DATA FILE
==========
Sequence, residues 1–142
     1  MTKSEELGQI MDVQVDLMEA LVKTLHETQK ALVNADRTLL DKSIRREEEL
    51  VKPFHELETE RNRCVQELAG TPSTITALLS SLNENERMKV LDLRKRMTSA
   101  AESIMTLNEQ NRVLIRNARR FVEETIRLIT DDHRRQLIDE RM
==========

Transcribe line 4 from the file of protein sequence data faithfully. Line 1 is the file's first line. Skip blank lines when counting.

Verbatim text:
   101  AESIMTLNEQ NRVLIRNARR FVEETIRLIT DDHRRQLIDE RM